Like most apps on this page, Status Money uses bank level encryption for your data. They also require Multi-Factor Authentication when logging in from a new device.
4. CountAbout – Best Paid Quicken Alternative
CountAbout was created specifically to be a Quicken alternative. It is also one of the few apps that allows users to import data directly from Quicken (it also allows users to import data from Mint).
CountAbout is only available online or via an iOS or Android app, so there is no software to download or install. This also makes it easy to manage your money on the go.
Users can connect multiple banking, credit cards, and investment accounts, and automatically download data when they log in. CountAbout also features Multi-factor login protection and excellent security.
- Imports data from Quicken and Mint
- Connect to thousands of financial institutions (over 12,500 financial institutions, including banking, investing, credit cards)
- Budgeting – Customize spending categories, Customizable tags
- Multiple reporting features / Graphs
CountAbout is not a free app, but it is very affordable. It offers two plans – Basic ($9.99/yr) and Premium ($39.99/yr). There is a 15 day free trial.
- Learn More – Visit the CountAbout website.
5. Moneyspire- Best App for Multiple Currencies
Moneyspire is a desktop app, available for both Windows and Mac computers. You can use the app on all the computers in your household and even share between Mac and Windows versions. Moneyspire features optional cloud support, so you can can upload your data to the cloud and work on the go if you desire.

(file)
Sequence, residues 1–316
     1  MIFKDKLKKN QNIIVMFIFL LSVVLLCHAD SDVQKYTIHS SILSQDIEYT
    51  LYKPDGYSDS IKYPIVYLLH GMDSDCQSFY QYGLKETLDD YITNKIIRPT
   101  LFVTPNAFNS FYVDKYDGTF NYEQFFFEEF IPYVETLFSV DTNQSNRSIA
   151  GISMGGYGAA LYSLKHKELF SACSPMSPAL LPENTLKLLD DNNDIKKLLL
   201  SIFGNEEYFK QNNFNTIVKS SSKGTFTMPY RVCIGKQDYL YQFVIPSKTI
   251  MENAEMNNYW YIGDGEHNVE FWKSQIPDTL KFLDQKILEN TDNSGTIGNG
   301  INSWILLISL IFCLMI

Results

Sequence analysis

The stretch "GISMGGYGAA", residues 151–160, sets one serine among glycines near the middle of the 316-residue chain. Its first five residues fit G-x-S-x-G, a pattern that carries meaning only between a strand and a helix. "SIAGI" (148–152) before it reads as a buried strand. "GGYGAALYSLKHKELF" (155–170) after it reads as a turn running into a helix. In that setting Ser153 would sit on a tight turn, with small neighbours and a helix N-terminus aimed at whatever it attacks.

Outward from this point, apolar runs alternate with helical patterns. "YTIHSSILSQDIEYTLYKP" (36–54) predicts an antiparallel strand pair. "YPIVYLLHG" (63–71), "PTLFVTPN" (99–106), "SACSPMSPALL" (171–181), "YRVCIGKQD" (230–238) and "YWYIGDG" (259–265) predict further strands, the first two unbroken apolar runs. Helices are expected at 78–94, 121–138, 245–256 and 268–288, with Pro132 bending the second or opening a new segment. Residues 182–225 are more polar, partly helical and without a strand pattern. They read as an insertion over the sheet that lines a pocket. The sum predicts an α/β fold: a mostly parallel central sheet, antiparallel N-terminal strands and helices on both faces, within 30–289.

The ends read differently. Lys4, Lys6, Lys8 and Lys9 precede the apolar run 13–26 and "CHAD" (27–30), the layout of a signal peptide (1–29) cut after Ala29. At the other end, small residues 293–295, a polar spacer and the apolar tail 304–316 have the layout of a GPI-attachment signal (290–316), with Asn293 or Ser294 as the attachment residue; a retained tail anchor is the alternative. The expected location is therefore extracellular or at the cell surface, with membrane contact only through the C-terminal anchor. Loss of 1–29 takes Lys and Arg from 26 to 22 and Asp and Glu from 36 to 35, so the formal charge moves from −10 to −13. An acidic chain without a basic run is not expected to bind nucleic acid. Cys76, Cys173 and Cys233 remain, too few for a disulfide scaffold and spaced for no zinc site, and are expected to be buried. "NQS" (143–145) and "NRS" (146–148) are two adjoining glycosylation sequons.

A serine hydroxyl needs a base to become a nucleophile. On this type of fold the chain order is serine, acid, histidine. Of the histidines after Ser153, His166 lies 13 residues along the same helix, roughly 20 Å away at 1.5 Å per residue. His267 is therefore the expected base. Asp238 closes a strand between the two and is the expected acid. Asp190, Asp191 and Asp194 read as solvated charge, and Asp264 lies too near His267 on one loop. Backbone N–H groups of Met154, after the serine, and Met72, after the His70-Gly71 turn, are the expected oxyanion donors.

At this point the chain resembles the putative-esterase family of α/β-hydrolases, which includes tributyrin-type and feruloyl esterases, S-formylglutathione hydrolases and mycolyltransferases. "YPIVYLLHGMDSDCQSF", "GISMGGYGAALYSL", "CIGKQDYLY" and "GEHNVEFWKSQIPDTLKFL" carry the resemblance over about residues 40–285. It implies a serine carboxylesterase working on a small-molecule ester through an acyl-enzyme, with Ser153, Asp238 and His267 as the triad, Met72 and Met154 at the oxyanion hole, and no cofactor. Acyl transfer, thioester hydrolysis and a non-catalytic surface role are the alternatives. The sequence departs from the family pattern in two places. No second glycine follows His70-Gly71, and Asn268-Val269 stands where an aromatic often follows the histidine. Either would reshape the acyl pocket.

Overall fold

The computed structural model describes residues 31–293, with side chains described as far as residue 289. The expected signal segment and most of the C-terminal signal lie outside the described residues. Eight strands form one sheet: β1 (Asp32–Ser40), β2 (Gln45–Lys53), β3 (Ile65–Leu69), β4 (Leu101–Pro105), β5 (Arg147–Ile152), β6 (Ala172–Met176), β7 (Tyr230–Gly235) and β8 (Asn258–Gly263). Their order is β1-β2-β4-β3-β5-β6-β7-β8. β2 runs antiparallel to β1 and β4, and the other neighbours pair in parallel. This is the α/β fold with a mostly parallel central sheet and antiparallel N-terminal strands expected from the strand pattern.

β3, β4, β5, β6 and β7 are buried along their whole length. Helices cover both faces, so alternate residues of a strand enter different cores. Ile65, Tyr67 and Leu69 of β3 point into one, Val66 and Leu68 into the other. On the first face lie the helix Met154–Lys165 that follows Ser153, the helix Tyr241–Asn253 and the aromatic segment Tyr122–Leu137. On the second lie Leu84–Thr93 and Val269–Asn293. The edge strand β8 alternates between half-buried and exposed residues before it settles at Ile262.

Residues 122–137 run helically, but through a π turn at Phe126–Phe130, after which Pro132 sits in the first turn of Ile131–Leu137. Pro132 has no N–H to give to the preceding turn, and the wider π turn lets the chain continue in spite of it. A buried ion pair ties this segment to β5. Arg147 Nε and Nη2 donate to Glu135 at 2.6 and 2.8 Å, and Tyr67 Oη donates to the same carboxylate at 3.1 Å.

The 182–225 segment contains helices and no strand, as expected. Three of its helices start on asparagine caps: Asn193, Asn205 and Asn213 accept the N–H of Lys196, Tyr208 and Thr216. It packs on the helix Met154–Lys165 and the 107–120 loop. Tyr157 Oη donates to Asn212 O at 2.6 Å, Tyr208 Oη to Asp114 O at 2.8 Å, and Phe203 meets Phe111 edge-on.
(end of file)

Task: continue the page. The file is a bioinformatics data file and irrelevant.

Moneyspire also supports all world currencies, including transfers between accounts with different currencies. You can download current exchange rates for calculations or for your convenience.
- Track financial accounts – including banking, credit cards, and investments
- Budgeting and spending details with customizable categories and tags
- Bill reminders
- Detailed charts and other reporting
- Ability to reconcile financial statements
- Investment Account Support
- Check Printing
- Mobile iOS app
- Import OFX, QFX, QIF and CSV file formats
Moneyspire offers two purchase options, a one-time purchase option with $34.99 purchase price, or a $44.99 annual subscription option. The difference between the plans includes length of customer support and the number of financial institutions you can sync with your software. While Moneyspire isn’t the least expensive option on this page, it comes with a many features that make it an attractive replacement for Quicken. So it’s worth looking into as a viable alternative.
- Free Trial – You can download a free 15-day Moneyspire trial.
6. You Need a Budget (YNAB) – Best Premium Budgeting App
YNAB is a great at doing one thing – setting up and tracking a zero-based budget (a budget in which every dollar is assigned a task, even if that means anything remaining at the end of the month goes into savings). You Need a Budget does not track investments.
You Need a Budget is not free; it costs $6.99 per month, billed annually at $83.99. It syncs with over 12,000 bank accounts. YNAB also syncs between devices, making it easier to manage your household budget when you have more than one person using it. YNAB also features goal-tracking, and progress reports. Being able to keep track of your progress is motivating.
There is a free 34 day trial, so you can test YNAB before purchasing.